Univision Combines Exploitation Film about Immigration with Exploitation Campaign of Trump

By Jerry Kammer on April 19, 2016

An exploitation film is one that seeks to cash in by presenting a sensational and shocking story that plays on deep-seated fears or portrays lurid extremes of human behavior. Some examples are "The Texas Chainsaw Massacre", "Cannibal Holocaust", and just about any movie with Zombie in the title. Another doozie is "Faster, Pussycat! Kill! Kill!", which is described as the story of a trio of sadistic go-go dancers who "break free from the nightclub where they perform and race out to the desert to stir up a little mayhem."

Mayhem in the desert was one of the topics of Sunday's "Al Punto" program on Univision. Host Jorge Ramos introduced "Desierto", a just-released Mexican exploitation film whose marketing strategy features the internationally notorious comments about Mexican immigrants of exploitation presidential candidate Donald Trump.

Ramos presented the movie's trailer, which shows a group of Mexicans crossing an immense, barren desert just north of the U.S. border.

We hear Trump's infamous description of Mexican immigration to the United States as a sinister procession of criminals and rapists that "has got to stop, and it's got to stop fast." As we hear those words, long-distance rifle shots drop one of the migrants, then another. Then we see the rifleman, a grizzled, murderous xenophobic American — ostentatiously named Sam — whose brutalization of the terrified Mexicans propels the story. The trailer ends with the story's moral: "Words are as dangerous as bullets."

This material resonates powerfully with Jorge Ramos. His conviction that racism and xenophobia are the driving forces of opposition to illegal immigration is a central theme of his nightly newscasts. Ramos fixates on reports that confirm his conviction with the obsessiveness of an exploitation film director showing close-ups of bullets tearing into human flesh.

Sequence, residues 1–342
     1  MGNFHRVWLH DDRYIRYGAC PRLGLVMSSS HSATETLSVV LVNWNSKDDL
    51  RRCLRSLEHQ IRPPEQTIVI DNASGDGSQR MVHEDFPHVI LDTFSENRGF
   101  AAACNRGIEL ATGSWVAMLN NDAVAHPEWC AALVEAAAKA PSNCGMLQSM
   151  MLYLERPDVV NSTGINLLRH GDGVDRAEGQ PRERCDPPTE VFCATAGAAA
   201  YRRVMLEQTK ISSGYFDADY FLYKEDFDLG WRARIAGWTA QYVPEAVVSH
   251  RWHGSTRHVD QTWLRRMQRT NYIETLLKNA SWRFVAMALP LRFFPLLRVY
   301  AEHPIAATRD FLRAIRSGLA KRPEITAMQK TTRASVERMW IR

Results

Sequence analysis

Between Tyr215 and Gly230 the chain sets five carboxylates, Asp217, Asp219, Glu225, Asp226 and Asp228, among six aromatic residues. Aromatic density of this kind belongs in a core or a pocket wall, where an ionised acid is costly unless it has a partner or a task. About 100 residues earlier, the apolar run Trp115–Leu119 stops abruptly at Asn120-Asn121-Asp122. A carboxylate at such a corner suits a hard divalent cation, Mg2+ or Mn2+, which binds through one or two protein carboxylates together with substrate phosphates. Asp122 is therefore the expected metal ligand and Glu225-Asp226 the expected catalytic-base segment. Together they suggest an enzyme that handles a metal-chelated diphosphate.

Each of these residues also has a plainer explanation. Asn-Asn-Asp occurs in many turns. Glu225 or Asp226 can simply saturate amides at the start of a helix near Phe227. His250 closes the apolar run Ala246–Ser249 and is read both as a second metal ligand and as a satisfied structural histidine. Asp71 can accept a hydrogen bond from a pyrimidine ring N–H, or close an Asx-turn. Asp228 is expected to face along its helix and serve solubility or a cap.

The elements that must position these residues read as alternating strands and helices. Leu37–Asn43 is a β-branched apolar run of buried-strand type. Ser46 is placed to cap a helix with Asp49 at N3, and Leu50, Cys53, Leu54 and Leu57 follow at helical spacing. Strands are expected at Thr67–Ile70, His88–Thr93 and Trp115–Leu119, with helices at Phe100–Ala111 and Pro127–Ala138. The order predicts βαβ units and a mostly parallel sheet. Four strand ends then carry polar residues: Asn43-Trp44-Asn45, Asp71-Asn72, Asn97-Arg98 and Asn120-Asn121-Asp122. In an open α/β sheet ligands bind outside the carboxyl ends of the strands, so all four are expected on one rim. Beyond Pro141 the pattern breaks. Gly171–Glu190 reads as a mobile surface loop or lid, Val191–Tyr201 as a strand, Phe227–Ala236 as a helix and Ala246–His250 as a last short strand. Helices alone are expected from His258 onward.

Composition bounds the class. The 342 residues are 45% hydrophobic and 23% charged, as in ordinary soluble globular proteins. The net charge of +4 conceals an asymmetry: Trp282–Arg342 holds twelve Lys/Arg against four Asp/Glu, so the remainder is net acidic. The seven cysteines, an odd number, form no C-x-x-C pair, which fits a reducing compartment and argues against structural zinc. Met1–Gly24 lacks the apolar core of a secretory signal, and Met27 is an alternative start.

On Sunday, Ramos talked with "Desierto" director Jonas Cuaron and star Gael Garcia Bernal about Trump's repugnant comments about Mexicans. Since then, Ramos said, "there are thousands if not millions of North Americans who feel that they have the absolute freedom to be racists." As evidence, he showed another video that Cuaron has made to promote his film. Over scenes of the assault in the desert, Cuaron superimposed comments posted on the Internet by people who cheered the sadistic violence. They called Sam a "hero". They said he was "doing God's work". They said the Border Patrol should be doing the same.

It's sadly fitting that Cuaron would exploit the notorious and malicious excess of Internet comment boards to hype his exploitation of legitimate Mexican fears about the anti-immigrant climate that Trump has legitimized. That is scandal mongering on the cheap and dirty. Cuaron's movie, with its heart-pounding, blood-drenched scenes of sadistic chase and assault is 90 minutes of cheap and dirty. From what I have seen, I'd say it is technically brilliant, thematically empty, and morally nihilistic. Sam, as a stand-in for Uncle Sam, represents all Americans in the world of Cuaron. He makes no more effort to understand legitimate American fears about illegal immigration than does Ramos's newscast.

That is why it was a welcome surprise that Gael Garcia Bernal introduced a note of borderlands reality to Sunday's conversation. He pointed to the mass-murder in 2010 of 193 Mexican and Central American migrants in the Mexican state of Tamaulipas. That mayhem is widely believed to have been the work of smuggling bands that compete viciously for control of the flow of human contraband. That mayhem is only the most shocking example of the brutalization of migrants that is a normal occurrence in Mexico.

Citing that violence, Bernal said Desierto is not just a story about a fictitious rampage in the United States. He said it is part of the story of the hostility toward migrants that has erupted in other parts of the world. But he insisted that, "We as Mexicans have the obligation first to see what is happening in our country."

Cuaron who, along with his Oscar-winning father Alfonso, wrote the screenplay for the remarkable hit movie "Gravity", is obviously a talented film-maker. I look forward to the day when he applies that talent to a serious study of the most important issue of Mexican-American relations.